Barrett’s esophagus is a difficulty of chronic gastroesophageal reflux disease (GERD), mostly in white men. In Barrett’s esophagus, usual tissue lining the esophagus — the tube that carries food from the mouth to the stomach — changes to tissue that resembles the lining of the intestine. About 10% of people with chronic symptoms of GERD develop Barrett’s esophagus.
Causes of Barrett’s Esophagus
Gastroesophageal reflux disease (GERD) causes Barrett’s esophagus. The esophagus is a muscular tube that is placed in the chest and serves to shift food from the mouth to the stomach. The lower esophageal sphincter (LES) is a valve that is placed at the joint of the stomach with the esophagus. Its purpose is to prevent acid and other contents of the stomach from coming back into the esophagus. GERD is a situation in which too much acid-containing fluid refluxes (flows) back into the esophagus, in part because the lower esophageal sphincter is weak.
Treatments of Barrett’s Esophagus
One of the major goals of treatment is to stop or slow the development of Barrett’s esophagus by treating and controlling acid reflux. This is done with routine changes and medication. Routine changes include taking steps such as:
- Make changes in diet. Fatty foods, chocolate, caffeine and peppermint can exaggerate reflux.
- Evade alcohol, caffeinated drinks, and tobacco.
- Lose weight. Being overweight increases risk for reflux.
- Sleep with the head of the bed elevated.
- Don’t lie down for 3 hours after eating.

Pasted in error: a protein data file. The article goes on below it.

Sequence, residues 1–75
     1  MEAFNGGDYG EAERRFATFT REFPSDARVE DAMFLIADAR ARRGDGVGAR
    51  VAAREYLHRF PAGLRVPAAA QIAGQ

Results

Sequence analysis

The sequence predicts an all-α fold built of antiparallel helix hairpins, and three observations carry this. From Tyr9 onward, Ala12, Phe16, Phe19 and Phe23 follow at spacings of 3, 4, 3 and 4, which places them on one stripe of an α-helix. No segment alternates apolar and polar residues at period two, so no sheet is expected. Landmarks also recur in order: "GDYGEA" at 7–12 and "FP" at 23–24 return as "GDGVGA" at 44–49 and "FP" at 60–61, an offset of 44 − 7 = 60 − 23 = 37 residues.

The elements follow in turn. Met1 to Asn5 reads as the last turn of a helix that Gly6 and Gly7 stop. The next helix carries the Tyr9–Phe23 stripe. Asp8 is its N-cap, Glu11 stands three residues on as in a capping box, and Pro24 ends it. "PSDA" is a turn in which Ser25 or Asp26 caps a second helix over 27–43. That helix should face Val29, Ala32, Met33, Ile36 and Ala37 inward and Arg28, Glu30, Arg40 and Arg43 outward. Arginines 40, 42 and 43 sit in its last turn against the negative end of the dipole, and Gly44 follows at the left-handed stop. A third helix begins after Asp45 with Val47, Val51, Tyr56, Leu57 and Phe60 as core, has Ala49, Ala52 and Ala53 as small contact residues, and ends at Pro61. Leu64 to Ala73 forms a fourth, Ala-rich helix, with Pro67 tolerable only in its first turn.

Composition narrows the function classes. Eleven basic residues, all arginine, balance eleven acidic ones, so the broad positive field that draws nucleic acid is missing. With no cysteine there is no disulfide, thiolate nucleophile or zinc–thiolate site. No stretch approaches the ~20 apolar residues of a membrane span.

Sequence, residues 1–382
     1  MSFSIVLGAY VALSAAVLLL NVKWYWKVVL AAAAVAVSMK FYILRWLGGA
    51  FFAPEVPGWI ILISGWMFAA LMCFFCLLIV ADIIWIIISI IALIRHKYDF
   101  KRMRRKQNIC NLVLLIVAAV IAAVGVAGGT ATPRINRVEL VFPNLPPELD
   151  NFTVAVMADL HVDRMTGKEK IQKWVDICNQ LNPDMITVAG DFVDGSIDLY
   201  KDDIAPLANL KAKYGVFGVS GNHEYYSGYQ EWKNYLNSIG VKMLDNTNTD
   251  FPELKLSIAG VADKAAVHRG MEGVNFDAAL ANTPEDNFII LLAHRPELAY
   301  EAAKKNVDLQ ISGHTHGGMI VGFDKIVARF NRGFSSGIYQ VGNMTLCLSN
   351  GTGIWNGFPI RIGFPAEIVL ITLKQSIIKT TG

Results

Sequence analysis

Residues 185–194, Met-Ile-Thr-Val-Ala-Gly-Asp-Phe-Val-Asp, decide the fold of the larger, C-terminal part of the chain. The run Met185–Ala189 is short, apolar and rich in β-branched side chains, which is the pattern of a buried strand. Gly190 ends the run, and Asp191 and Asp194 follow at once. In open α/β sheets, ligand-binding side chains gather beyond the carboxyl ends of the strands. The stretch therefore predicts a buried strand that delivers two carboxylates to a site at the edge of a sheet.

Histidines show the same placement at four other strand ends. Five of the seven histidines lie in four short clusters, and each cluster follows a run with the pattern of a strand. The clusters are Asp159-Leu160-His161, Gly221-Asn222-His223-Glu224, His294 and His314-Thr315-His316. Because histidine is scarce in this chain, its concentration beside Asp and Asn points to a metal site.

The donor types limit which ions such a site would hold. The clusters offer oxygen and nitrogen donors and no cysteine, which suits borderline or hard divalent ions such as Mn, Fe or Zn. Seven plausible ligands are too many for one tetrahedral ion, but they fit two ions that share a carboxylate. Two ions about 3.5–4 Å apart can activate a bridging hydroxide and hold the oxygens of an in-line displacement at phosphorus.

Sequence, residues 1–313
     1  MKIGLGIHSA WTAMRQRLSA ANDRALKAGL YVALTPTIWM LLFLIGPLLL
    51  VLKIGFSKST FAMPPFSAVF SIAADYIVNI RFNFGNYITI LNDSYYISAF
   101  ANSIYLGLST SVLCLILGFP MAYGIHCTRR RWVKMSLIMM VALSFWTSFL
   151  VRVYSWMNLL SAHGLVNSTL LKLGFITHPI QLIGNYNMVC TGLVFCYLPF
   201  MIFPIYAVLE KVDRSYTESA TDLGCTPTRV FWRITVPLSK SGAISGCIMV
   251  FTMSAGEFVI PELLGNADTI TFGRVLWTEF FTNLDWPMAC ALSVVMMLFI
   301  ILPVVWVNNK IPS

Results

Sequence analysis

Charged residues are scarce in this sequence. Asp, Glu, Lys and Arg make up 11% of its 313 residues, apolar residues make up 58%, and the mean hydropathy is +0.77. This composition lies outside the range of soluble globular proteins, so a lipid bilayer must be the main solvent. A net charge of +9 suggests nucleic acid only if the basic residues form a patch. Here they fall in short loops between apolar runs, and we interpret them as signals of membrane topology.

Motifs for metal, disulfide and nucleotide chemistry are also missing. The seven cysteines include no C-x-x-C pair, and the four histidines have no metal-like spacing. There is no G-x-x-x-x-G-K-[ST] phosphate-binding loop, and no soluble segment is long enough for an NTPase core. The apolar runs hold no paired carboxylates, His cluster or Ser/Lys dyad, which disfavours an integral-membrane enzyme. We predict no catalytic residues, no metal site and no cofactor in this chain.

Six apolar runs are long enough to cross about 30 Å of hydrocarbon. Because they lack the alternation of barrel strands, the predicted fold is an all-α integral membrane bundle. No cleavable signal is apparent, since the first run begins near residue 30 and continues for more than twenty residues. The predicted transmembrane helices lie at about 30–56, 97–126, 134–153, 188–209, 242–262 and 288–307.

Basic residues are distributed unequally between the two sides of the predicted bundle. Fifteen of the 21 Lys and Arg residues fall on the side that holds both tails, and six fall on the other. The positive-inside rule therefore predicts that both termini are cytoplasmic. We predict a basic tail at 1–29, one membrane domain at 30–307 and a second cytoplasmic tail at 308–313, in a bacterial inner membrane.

- Take all medicines with ample of water.
There are some treatments, including surgery, that are intended specially to focus on the abnormal tissue. They include:
Radiofrequency ablation (RFA) uses radio waves delivered through an endoscope inserted into the esophagus to obliterate abnormal cells while defending the healthy cells underneath.
Photodynamic therapy (PDT) uses a laser through an endoscope to kill abnormal cells in the lining without damaging regular tissue. Before the procedure, the patient takes a drug known as Photofrin, which causes cells to become light-sensitive.
Endoscopic spray cryotherapy is a newer technique that applies cold nitrogen or carbon dioxide gas, through the endoscope to freeze the abnormal cells.
Although the danger of this cancer is higher in people with Barrett’s esophagus, the disease is still rare. Less than 1% of people with Barrett’s esophagus develop this particular cancer. However, if you’ve been diagnosed with Barrett’s esophagus, it’s significant to have regular examinations of your esophagus. With regular examination, your doctor can discover precancerous and cancer cells early, before they spread and when the disease is easier to treat.